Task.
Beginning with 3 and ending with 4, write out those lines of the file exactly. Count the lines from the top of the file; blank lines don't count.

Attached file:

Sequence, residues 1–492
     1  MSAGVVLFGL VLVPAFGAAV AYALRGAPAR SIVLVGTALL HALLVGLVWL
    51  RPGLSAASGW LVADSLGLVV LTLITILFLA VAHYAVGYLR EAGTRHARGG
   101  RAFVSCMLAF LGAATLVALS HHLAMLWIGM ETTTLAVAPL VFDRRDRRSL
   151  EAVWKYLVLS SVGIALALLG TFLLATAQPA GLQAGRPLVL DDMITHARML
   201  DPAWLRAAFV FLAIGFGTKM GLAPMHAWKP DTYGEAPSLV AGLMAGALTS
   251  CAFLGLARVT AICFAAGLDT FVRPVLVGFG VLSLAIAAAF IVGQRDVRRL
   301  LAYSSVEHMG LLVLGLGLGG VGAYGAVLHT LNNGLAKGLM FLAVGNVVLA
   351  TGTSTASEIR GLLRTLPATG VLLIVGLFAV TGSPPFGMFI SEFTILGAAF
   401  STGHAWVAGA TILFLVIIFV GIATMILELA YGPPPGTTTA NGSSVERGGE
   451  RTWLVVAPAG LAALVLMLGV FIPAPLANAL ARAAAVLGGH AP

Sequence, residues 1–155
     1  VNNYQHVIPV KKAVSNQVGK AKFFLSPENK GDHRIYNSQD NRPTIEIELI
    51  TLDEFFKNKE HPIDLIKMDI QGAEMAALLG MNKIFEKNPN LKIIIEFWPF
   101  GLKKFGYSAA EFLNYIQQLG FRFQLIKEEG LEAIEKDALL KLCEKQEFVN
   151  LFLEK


    51  RPGLSAASGW LVADSLGLVV LTLITILFLA VAHYAVGYLR EAGTRHARGG
   101  RAFVSCMLAF LGAATLVALS HHLAMLWIGM ETTTLAVAPL VFDRRDRRSL